In 2012 I was consumed with the desire to “pay it forward” after a wonderful person stepped out of the shadows and gave me a life-saving organ transplant. I decided that it was the perfect time to look into Freemasonry, to honor my Great Uncle and better myself. You may have heard that Freemasonry, or Masonry, is highly secretive. To a degree that is true. We have some. But it is no secret that men join to become better men; better husbands, fathers, brothers, friends etc.,. they are known to do this through those things which are larger than oneself. Charity chief among them.
I applied, petitioned for membership and in February, a date that I hoped my father would live to see (he died the previous December), I became a Master Mason. It was the beginning of my journey to being a better person and I had a fire in my belly.
That very February I learned about a Masonic program called the “HELP” program. It is created by, managed and operated exclusively by Masons, all of which are unpaid volunteers. It is an incredible program, we collect donated medical equipment and supplies from families who have either lost a relative or recuperated from a serious illness. It is a program spread by word-of-mouth only and is free to the public for as long as they need it. I knew that I had to check it out so I signed up to volunteer the following Saturday morning.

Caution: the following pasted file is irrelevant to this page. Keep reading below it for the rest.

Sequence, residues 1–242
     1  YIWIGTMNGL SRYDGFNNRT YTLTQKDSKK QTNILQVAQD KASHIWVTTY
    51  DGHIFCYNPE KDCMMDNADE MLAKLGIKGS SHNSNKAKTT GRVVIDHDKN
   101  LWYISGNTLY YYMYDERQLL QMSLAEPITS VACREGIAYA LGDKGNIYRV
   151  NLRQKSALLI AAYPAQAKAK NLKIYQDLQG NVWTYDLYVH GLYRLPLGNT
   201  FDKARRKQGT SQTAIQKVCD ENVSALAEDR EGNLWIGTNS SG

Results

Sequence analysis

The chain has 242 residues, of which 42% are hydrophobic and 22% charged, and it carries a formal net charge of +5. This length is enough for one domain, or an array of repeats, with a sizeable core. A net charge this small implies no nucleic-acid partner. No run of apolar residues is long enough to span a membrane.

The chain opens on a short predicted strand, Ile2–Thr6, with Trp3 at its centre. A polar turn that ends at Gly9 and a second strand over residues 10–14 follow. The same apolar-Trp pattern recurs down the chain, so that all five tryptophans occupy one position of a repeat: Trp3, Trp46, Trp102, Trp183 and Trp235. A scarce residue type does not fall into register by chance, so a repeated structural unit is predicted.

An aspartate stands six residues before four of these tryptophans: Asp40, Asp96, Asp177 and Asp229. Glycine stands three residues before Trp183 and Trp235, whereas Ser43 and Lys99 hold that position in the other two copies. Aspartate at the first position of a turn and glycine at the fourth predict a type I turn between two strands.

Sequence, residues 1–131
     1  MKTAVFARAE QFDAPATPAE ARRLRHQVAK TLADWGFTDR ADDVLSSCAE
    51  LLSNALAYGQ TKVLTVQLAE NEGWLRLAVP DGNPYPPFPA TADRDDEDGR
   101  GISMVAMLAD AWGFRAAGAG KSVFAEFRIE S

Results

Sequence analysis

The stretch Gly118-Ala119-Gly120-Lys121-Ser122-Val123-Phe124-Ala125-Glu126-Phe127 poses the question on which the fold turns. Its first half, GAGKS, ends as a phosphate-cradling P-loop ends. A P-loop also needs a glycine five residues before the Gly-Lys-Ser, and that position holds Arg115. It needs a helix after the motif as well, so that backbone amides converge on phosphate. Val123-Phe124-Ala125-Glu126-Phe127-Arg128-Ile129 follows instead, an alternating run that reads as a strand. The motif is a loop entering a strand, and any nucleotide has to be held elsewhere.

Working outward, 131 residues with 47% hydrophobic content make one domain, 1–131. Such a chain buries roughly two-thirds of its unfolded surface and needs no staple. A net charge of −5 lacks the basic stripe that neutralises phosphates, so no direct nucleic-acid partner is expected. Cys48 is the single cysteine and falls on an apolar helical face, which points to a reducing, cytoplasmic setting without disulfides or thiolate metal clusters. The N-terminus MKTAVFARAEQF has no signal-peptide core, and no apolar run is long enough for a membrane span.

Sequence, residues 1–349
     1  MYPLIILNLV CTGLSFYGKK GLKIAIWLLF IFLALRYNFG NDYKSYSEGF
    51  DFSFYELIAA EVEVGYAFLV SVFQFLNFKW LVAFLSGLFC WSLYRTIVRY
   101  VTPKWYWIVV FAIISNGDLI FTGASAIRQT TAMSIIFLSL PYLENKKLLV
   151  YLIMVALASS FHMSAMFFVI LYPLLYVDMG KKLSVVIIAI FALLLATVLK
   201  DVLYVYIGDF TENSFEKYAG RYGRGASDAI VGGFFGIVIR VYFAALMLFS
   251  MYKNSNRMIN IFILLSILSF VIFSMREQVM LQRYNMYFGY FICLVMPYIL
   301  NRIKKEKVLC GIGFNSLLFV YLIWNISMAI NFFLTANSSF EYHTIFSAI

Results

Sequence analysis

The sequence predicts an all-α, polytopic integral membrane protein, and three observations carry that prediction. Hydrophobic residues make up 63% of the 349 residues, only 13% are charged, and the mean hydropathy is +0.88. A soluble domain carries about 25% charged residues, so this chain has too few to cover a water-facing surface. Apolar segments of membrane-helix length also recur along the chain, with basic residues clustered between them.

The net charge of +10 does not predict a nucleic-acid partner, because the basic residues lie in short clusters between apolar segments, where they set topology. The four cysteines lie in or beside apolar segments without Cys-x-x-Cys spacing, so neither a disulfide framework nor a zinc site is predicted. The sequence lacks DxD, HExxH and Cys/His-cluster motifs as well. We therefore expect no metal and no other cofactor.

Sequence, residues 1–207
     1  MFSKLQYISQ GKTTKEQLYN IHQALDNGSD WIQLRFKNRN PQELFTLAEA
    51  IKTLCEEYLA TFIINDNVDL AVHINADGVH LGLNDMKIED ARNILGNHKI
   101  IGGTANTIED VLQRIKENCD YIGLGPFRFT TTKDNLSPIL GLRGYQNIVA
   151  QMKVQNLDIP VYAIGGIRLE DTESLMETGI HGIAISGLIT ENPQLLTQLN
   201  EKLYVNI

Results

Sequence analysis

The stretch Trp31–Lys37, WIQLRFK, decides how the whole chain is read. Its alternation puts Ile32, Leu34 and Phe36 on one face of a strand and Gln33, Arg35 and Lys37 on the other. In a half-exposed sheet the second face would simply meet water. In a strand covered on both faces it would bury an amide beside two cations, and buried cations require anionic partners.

The local chapter of the Help program was in the parking lot of a local Masonic lodge where they worked out of locked storage containers. We were fortunate to have an unseasonably warm day for February. It wasn’t hard to imagine how unpleasant it must have been on cold, wintry days. Being my first day, I knew nothing about what to do other than signing in. So I took the opportunity to survey the equipment they had to offer. I was actually amazed at the number of motorized beds, mattresses. walkers, commodes, adult diapers and therapeutic equipment available to the public. I was also quite impressed with the amount of fellow Masons, or Brothers as we call each other, toiling away repairing and cleaning equipment and preparing for the rush. As the Newbie, I just sat back and watched.